This is outrageous. I'm so mad I can hardly see straight. 

There was a glitch in the plan, I understand. The public was never supposed to know how inefficient, idiotic and unconstitutional the bailouts really were. 

But then AIG had to go and let the cat out of the bag by paying $165 million dollars of my money to executives as bonuses when it should have been declaring bankruptcy. All this was done with your cheerful knowledge and support, until the public responded with an appropriate (yet still too marginal) amount of fury. 

Now, your only response is to tax it back from them with another overreaching bill of questionable legality? 

The lesson to be learned here is not that we should fall back to the beginning of our original plan, as though AIG was a child who needed to skip a week's allowance for having spent too much on candy.

The lesson is that the plan is useless. 

The federal government quickly and sneakily handing exorbitant and wasteful amounts of taxpayer money that it does not have to companies that are criminally drowning in their own poor management won't work. Duh. It's a bad model. It was foolish then and it's foolish now.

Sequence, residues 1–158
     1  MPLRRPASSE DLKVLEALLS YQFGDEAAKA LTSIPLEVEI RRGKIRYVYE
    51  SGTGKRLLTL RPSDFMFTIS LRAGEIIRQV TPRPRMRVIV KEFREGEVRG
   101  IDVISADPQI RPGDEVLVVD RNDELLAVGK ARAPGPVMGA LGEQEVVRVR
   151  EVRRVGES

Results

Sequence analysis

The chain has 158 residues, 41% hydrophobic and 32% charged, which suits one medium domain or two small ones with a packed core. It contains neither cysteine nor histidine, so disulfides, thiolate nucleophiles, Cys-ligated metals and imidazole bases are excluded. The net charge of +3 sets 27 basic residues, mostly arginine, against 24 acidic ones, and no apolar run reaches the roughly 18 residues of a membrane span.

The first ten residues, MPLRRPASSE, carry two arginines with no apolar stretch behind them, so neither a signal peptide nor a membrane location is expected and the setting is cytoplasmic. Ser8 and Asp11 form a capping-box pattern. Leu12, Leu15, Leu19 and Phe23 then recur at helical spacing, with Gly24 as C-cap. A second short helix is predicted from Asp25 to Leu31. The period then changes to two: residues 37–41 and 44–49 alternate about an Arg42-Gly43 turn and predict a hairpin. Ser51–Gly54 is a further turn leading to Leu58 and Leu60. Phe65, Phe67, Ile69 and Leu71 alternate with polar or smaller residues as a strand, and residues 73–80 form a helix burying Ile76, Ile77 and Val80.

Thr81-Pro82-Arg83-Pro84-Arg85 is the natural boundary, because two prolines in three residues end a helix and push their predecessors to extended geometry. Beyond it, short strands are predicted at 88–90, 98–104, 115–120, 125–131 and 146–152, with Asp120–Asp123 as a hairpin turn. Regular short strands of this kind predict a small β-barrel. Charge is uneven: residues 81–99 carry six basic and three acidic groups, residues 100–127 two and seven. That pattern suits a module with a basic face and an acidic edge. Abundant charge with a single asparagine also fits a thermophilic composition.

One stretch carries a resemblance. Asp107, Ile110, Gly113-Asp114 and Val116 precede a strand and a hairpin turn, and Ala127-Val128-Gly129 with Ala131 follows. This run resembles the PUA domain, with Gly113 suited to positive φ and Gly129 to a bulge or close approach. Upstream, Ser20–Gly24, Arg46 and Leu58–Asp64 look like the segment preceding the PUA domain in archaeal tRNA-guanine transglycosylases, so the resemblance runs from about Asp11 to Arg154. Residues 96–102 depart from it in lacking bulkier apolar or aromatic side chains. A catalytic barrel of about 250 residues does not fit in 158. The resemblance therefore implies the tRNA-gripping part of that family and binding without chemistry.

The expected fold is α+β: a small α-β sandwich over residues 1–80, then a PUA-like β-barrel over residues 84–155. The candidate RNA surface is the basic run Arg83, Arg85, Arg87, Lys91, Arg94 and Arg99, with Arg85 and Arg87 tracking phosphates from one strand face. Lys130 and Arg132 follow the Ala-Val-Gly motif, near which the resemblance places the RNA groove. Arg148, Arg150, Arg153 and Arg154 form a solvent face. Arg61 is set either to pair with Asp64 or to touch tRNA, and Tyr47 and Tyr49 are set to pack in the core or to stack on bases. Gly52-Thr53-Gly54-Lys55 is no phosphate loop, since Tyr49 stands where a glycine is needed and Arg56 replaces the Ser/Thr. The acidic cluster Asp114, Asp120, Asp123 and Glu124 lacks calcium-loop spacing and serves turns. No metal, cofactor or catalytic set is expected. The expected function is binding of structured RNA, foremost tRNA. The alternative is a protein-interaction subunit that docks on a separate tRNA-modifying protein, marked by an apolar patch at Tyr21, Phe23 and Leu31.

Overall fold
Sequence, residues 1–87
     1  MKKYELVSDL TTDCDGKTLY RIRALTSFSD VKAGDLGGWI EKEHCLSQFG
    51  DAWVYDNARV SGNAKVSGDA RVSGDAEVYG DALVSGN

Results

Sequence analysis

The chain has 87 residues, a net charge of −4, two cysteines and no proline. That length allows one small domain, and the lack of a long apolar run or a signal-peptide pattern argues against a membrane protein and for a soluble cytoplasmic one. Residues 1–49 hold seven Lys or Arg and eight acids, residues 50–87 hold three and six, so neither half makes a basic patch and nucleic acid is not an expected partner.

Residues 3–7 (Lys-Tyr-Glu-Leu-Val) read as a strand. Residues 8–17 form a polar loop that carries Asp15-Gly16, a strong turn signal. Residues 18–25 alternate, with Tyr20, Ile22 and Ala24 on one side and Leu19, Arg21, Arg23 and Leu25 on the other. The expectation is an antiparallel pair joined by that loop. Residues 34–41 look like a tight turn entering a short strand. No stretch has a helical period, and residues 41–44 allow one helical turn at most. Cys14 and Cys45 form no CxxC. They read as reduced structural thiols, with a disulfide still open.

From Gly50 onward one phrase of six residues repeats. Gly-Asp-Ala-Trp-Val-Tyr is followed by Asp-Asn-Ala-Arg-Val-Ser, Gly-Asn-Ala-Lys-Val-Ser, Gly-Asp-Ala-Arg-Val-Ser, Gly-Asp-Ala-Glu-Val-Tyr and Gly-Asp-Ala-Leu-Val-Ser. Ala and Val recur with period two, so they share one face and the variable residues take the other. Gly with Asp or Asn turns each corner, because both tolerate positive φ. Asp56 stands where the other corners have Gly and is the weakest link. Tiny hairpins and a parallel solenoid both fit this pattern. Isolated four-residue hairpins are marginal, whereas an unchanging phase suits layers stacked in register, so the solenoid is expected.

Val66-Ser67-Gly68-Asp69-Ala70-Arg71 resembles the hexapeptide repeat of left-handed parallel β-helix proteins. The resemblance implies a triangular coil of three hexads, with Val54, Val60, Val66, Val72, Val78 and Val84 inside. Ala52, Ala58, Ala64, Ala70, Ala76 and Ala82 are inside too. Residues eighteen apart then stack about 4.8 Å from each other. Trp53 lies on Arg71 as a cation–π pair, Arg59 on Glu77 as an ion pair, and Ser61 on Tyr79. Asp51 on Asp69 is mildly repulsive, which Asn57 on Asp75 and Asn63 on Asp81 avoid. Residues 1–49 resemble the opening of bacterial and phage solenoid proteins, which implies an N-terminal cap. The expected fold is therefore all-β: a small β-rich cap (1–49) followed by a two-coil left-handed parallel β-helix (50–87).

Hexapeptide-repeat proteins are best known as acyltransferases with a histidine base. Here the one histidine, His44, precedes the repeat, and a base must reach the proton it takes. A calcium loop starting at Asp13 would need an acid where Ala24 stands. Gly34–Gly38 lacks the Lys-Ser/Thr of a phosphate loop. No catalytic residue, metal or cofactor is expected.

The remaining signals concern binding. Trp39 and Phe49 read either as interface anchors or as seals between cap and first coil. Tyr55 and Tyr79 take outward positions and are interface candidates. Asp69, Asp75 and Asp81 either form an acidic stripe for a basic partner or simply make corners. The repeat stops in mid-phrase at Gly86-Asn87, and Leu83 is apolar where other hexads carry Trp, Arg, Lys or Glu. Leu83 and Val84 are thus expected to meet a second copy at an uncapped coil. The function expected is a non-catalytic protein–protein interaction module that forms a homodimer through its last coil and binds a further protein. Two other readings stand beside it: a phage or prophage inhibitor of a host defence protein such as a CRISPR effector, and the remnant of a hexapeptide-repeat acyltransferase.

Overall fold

No one is fooled by your scrambling attempts to recoup some public respect, either. This is what bailouts get us, plain and simple: bureaucratic mismanagement of large sums of public money based on the failed tenets of central planning. 

Bankruptcy is the market's natural punishment of an inefficient and ineffectual business, and a sign that the public no longer values the product. The government cannot prop up these awful companies forever. 

We're not playing Monopoly, and you didn't land on AIG's property. You own the damn board. 

The only people you owe are us. Where are the bailouts for small business owners, families, or functional companies with responsibility? Where are our bonuses? 

Stop rewarding irresponsibility, or we will punish yours. 

 
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jpavelski

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